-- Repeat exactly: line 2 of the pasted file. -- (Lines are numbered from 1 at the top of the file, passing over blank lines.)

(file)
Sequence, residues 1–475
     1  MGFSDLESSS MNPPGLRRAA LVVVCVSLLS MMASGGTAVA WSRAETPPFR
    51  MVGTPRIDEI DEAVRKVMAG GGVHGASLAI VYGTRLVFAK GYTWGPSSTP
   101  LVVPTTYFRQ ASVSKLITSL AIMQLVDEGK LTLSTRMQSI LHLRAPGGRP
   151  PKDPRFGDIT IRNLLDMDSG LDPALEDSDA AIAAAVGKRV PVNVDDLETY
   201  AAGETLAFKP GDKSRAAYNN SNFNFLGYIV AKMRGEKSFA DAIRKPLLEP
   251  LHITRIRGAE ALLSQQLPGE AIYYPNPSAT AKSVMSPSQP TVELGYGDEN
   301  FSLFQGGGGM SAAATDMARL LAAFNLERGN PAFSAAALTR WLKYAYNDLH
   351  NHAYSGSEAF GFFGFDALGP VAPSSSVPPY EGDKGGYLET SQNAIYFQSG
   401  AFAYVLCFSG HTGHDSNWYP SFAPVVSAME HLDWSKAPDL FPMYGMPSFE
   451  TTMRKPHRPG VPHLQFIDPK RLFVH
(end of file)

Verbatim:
     1  MGFSDLESSS MNPPGLRRAA LVVVCVSLLS MMASGGTAVA WSRAETPPFR